Posted: 22 Nov 2017 08:40 AM PST
United States Senator Sheldon Whitehouse (D-RI) spoke at MIT on Nov. 20 about efforts to deny the legitimacy of climate science and how such misinformation can be combated.
"In this, the era of climate change, we need more than ever the guidance and innovation of science to make the right decisions," Whitehouse said. "[But] the enterprise of science now has … an industrial-strength rival ... that apes science's form but has the perverted purpose to defeat the influence of science on public policy."
Whitehouse's remarks were delivered in the second talk of the MIT Environmental Solutions Initiative's 2017-18 People and the Planet lecture series.
Whitehouse discussed the 100 organizations, trade associations, think tanks, foundations, and public relations firms that he says were created as front groups for the fossil fuel industry.
"[Their purpose] is to create faux science that looks enough like real science to create the illusion of controversy to deprecate real science thus to delay or defeat regulation," he said.
Whitehouse works actively to identify political activities funded with contributions from fossil fuel companies. Climate politics, in his view, were significantly affected by Citizens United v. Federal Election Commission, the U.S. Supreme Court decision that led to the practice of industries pouring money into political funding groups. In many cases, these groups do not have to reveal their donors.
"Citizens United opened up enormous amounts of unlimited money into politics, and it did not take the political influencers very long to figure out how to hide their identity to make that money dark money," Whitehouse said. He added that this decision has allowed those with a business interest in denying climate change to muddy the waters with misinformation and bully Republican candidates who may otherwise be amenable to discussing climate change policy. He said that bringing transparency to various funding sources will give voters more clarity during election cycles.
Whitehouse encouraged people to step up in support of the understanding and acceptance of climate change. He called on various institutions, including universities, to create mechanisms and entities to help scientists defend their research and refute climate denial.
"If a science building caught fire, you wouldn't leave it to the scientists to fight the fire. You'd call the fire department because the fire department has the equipment and skills to fight the fire," he said. "In the same way, the science enterprise needs a group that has the equipment and skills to defend the enterprise of science … science generally and universities specifically will need a common strategy to resist this potent and approaching adversary."
He suggested individuals could also make a difference by demanding that powerful corporations make climate change policy a priority, in particular with their elected representatives in Washington.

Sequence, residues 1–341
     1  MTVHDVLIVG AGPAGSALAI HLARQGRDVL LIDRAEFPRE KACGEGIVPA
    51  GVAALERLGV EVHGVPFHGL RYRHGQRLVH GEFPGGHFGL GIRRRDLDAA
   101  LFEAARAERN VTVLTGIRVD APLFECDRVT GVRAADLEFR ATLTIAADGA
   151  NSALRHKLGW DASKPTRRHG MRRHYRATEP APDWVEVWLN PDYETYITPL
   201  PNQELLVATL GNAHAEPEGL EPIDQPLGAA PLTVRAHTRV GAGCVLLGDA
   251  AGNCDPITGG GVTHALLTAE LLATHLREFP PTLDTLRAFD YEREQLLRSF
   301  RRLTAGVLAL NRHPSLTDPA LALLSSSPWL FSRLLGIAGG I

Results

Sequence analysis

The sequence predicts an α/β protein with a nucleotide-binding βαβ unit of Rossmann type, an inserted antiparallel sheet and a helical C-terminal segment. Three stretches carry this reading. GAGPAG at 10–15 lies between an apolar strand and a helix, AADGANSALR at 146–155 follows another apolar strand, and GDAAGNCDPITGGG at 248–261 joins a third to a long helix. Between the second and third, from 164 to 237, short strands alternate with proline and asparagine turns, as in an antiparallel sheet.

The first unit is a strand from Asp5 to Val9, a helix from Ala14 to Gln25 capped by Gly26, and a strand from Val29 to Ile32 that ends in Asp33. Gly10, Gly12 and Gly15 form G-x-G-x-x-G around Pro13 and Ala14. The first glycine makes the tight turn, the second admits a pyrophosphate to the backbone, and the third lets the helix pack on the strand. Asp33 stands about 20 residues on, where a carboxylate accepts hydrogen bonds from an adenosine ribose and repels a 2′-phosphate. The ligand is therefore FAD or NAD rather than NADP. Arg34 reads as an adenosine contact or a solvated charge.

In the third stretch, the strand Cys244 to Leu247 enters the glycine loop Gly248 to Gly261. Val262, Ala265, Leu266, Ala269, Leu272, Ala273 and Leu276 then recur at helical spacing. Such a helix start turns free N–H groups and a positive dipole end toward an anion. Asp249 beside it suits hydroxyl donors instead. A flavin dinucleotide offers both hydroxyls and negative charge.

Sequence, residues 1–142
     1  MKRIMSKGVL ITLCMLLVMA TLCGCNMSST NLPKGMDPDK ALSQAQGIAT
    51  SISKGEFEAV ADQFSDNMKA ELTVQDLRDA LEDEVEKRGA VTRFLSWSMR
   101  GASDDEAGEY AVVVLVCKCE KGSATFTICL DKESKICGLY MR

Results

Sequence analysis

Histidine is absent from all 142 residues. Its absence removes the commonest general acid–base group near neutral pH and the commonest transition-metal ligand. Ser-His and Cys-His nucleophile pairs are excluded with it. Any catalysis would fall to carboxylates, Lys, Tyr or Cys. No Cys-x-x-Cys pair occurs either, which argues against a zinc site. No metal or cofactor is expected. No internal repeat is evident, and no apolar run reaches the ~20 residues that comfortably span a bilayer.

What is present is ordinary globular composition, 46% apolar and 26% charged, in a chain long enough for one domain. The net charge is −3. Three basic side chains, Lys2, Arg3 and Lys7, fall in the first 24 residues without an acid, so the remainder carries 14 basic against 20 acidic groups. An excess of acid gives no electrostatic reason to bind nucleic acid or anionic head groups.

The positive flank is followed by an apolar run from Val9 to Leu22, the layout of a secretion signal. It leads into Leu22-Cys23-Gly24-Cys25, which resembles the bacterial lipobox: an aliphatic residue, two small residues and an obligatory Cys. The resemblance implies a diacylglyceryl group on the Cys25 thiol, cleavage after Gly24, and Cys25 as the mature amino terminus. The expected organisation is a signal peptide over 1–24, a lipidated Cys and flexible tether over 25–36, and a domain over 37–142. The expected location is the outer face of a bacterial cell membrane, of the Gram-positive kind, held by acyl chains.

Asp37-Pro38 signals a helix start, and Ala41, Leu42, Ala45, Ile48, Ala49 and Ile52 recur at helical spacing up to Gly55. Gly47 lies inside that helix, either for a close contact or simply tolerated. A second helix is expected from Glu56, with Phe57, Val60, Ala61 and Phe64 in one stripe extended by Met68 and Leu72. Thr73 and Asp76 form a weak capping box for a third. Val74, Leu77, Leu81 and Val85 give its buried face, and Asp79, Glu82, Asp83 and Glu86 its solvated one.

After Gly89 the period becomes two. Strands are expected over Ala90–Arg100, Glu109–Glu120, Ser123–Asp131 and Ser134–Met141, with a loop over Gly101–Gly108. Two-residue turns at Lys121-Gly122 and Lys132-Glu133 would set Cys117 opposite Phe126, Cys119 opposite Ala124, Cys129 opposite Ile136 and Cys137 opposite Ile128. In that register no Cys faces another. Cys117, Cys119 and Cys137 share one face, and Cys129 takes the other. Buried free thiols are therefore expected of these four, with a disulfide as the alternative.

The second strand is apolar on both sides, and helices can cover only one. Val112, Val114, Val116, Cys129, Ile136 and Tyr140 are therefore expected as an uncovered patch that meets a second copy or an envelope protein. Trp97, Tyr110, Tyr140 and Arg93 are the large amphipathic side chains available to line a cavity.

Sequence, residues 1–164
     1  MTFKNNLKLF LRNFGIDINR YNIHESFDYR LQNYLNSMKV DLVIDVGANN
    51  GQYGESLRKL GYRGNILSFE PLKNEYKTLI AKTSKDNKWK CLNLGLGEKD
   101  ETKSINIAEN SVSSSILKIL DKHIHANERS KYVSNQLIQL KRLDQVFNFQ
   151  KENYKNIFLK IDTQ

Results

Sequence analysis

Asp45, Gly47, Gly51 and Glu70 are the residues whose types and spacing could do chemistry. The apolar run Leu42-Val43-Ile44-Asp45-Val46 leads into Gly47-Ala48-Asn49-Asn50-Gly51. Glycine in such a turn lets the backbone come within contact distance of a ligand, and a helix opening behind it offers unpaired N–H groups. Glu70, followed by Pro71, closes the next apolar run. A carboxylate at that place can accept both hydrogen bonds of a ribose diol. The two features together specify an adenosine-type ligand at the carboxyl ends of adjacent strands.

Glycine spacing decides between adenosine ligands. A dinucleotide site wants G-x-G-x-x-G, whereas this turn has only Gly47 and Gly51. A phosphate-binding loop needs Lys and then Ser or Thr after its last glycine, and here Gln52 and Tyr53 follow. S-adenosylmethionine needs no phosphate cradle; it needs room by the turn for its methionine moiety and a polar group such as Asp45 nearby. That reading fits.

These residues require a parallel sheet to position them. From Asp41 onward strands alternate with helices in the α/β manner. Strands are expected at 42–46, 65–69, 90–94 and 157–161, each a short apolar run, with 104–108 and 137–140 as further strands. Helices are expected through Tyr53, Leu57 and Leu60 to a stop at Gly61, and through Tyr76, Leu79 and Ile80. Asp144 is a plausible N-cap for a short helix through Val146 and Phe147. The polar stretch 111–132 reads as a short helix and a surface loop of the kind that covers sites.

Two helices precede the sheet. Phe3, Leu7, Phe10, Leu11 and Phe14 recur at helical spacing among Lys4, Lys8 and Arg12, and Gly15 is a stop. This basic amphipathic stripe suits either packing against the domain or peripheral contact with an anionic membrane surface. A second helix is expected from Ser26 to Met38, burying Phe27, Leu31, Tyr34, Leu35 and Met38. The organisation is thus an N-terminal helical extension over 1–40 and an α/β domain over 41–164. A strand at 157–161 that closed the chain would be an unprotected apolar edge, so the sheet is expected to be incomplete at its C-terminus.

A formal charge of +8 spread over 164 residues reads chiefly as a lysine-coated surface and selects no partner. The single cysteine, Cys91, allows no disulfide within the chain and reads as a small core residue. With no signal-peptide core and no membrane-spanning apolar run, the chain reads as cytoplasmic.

"If corporate America stood up in Congress on this issue they could blow out the fossil fuel industry folks," he said. "Sure they look terrifying … because nobody else is on the field. But if anybody else would show up on the field with any kind of clout … off we go!"
Whitehouse was elected in 2006 and has made climate change and other environmental challenges among his central legislative priorities. Since April 2012, he has spoken about the social and environmental effects of climate change each week the Senate is in session in a series of speeches titled "Time to Wake Up." He has also been publicly critical of the Trump administration's nominees to environmental posts — most recently Kathleen Hartnett White, who has been tapped to lead the Council on Environmental Quality.
In July 2017, Whitehouse introduced legislation, the American Opportunity Carbon Fee Act, with fellow Senator Brian Schatz (D-HI) and Congressmen Earl Blumenauer (D-OR) and David Cicilline (D-RI). This bill would institute a fee on all major generators of carbon pollution. Starting in 2018, these industries would be required to pay $49 per metric ton of carbon pollution, with the potential for adjustments depending on methane and other greenhouse gas emissions. The fee would then increase by 2 percent per year.
In an effort to attract bipartisan support for their bill, Whitehouse and his co-sponsors wrote the legislation so that revenue created by the carbon fee would be used to lower corporate income tax rates. Senator Lindsey Graham (R-SC) became the first Senate Republican to voice support for a carbon tax, though he has not yet cosponsored the Whitehouse bill.
Rhode Island is nicknamed the Ocean State, and Senator Whitehouse has long recognized the critical role that ocean ecosystems play in protecting the environment both locally and globally. He organized the bi-partisan Senate Oceans Caucus with Senator Lisa Murkowski (R-AK) in 2011 to address illegal fishing, ocean debris, and improved monitoring of ocean systems. The group now boasts more than 30 members.
John E. Fernández, director of MIT's Environmental Solutions Initiative, said he was pleased that the senator brought his unique perspective and long-standing commitment for an improved environment to the MIT community. "In our extraordinarily contentious times we are due for some more cool and sedate reflection. We are also due for action and solutions," said Fernández. "In hosting the senator this evening we intend to take one more step in advancing MIT's unique role in providing the conditions for reason and action on climate change and the environment."
David Goldston, the director of the MIT Washington Office, appreciated the steps suggested by Whitehouse for becoming involved in the environment. "The really important takeaway for MIT, especially for students, is that if you care about this issue this is the time to be active, not alienated," he said.
Whitehouse ended the evening on a positive note. "Hope kind of springs eternal," he said. "You wait … and you work … and you lean in … and things come and things go and you sustain your disappointments and then someday the door opens. … There are plenty of things that can be surprisingly good that can happen if we are ready, if we can move, and if we can lean in when those moments come."